Ecology and Society Ecology and Society
E&S Home > Vol. 23, Iss. 4 > Art. 5 > Abstract Open Access Publishing 
Using conflict over risk management in the marine environment to strengthen measures of governance

Courtenay E. Parlee, Department of Anthropology, University of New Brunswick; Environmental Policy Institute, Memorial University of Newfoundland
Melanie G. Wiber, Department of Anthropology, University of New Brunswick

DOI: http://dx.doi.org/10.5751/ES-10334-230405

Full Text: HTML   
Download Citation


Abstract

Management of and planning for the Canadian marine environment can be disrupted by conflict, but conflict is inevitable given the plurality of actors, interests, values, and uses of marine space. Unresolved conflict may impede governance objectives and threaten the sustainability of social-ecological systems. Innovative institutional arrangements such as adaptive comanagement theoretically reduce conflict and support sustainable management. The southwest New Brunswick Bay of Fundy Marine Advisory Committee (MAC) was assembled in 2004 to address conflict between marine users and to further marine planning. As an innovative planning institution influenced by comanagement theory, the MAC experience served as a case study to develop governance measures for the Canadian Fisheries Research Network Comprehensive Fisheries Sustainability Framework, which includes a consideration of ecological, social, economic, and governance dimensions of sustainability. One of the most important but neglected aspects of sustainability measurements involves the assessment of governance and planning effectiveness. An assessment of the MAC experience through a comprehensive sustainability evaluation framework offers significant lessons for advancing the theoretical and empirical literature on adaptive comanagement through deeper consideration of challenges in creating institutions of “good governance.” In doing so, the case study also contributes to the Comprehensive Fisheries Sustainability Framework by testing some measures of governance effectiveness, including co-operation, resources, transparency, accountability, and inclusivity.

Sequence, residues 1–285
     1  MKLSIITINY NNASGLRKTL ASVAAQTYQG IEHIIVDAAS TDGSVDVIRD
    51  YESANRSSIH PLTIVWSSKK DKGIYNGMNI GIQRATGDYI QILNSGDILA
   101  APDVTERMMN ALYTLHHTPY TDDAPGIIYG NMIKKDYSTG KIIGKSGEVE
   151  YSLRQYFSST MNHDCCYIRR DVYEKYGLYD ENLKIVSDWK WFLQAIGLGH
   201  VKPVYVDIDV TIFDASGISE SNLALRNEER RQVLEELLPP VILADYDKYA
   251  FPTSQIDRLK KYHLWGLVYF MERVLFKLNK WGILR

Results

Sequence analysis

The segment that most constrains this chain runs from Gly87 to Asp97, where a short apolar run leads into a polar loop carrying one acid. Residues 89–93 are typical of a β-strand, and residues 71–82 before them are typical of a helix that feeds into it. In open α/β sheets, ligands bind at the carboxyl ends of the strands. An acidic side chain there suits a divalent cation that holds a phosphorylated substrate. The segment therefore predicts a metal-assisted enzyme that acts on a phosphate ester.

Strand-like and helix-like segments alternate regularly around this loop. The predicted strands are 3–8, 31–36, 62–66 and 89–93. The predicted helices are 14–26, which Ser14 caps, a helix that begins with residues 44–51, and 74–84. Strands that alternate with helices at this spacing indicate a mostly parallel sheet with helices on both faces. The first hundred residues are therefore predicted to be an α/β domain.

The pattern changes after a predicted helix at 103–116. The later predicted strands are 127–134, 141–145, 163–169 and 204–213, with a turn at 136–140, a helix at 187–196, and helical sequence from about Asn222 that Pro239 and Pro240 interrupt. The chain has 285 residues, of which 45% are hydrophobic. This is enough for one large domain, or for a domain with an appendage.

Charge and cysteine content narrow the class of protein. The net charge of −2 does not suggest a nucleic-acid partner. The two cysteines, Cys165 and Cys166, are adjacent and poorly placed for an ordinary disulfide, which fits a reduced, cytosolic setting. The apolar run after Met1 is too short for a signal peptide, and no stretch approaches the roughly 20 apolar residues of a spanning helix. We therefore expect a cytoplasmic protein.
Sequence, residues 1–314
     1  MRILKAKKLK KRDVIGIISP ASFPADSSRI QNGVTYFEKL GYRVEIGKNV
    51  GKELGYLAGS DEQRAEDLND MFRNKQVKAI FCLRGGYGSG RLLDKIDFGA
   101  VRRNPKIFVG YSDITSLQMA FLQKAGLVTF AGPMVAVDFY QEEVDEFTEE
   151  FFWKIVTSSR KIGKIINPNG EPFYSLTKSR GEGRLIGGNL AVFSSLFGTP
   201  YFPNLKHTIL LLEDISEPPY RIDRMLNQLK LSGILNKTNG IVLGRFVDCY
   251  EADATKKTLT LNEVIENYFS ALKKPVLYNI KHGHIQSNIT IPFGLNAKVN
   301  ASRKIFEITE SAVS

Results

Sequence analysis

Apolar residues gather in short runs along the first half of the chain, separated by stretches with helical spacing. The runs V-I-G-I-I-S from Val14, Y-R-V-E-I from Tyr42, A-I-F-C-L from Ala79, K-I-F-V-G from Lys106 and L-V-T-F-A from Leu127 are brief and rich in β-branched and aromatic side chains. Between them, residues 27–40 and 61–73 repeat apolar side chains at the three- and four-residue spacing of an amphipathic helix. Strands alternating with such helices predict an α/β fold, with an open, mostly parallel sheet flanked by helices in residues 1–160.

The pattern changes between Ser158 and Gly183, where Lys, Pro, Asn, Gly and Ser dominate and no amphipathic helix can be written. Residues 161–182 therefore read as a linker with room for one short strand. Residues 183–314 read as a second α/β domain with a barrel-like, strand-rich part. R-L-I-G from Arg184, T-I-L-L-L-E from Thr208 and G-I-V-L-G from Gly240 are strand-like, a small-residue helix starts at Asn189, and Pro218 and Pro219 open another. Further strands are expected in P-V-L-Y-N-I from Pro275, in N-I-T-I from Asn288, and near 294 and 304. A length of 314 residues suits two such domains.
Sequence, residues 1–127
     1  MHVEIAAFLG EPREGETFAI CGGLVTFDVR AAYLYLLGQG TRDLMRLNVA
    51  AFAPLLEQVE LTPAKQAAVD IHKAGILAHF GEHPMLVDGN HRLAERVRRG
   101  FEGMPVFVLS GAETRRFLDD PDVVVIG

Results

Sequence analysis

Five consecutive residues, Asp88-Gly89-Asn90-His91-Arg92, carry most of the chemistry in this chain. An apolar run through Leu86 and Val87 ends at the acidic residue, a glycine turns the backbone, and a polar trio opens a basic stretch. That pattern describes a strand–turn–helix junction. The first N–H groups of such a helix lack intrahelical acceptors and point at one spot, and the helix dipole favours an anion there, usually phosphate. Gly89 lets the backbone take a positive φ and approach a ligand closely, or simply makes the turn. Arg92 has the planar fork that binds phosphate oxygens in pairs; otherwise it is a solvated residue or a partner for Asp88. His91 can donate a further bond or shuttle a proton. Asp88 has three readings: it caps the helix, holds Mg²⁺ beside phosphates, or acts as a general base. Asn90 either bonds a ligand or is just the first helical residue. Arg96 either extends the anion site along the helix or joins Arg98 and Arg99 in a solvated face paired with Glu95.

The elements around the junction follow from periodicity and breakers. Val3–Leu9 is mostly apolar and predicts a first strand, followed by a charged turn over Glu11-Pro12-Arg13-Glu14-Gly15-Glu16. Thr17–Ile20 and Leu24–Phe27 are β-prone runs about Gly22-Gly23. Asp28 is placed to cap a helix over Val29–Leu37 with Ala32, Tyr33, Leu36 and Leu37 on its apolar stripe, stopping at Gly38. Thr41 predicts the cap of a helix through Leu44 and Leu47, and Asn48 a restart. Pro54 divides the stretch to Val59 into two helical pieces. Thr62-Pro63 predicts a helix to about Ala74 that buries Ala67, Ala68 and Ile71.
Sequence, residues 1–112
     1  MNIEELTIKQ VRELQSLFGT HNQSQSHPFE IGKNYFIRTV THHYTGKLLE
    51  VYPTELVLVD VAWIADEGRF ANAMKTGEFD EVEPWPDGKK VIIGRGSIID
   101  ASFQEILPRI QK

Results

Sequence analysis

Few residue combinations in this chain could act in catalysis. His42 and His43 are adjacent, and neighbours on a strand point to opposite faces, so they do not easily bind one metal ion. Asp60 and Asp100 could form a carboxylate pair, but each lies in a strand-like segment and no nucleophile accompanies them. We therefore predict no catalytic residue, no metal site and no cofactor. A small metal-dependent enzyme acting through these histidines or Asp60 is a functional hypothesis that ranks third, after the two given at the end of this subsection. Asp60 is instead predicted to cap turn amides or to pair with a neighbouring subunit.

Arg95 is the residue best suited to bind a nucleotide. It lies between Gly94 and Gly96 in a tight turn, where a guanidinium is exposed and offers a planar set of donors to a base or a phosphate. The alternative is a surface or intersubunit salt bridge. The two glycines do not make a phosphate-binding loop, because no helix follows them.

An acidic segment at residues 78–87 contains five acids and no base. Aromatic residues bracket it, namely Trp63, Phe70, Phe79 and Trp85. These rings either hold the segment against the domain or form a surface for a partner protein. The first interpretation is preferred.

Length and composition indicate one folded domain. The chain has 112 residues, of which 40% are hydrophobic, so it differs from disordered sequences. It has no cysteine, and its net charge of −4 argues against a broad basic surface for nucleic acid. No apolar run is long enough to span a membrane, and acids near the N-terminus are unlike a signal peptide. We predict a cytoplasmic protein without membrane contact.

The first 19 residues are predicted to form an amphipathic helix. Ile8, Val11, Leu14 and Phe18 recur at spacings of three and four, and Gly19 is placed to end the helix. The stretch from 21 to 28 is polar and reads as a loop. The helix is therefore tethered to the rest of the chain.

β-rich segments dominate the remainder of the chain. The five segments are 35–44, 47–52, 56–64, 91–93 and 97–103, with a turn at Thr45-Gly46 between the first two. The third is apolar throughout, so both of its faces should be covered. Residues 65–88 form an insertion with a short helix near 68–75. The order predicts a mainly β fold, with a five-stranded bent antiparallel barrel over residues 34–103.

Key words

adaptive co-management; conflict resolution; fisheries; governance; indicators; sustainability

Copyright © 2018 by the author(s). Published here under license by The Resilience Alliance. This article  is under a Creative Commons Attribution-NonCommercial 4.0 International License.  You may share and adapt the work for noncommercial purposes provided the original author and source are credited, you indicate whether any changes were made, and you include a link to the license.

Top
Ecology and Society. ISSN: 1708-3087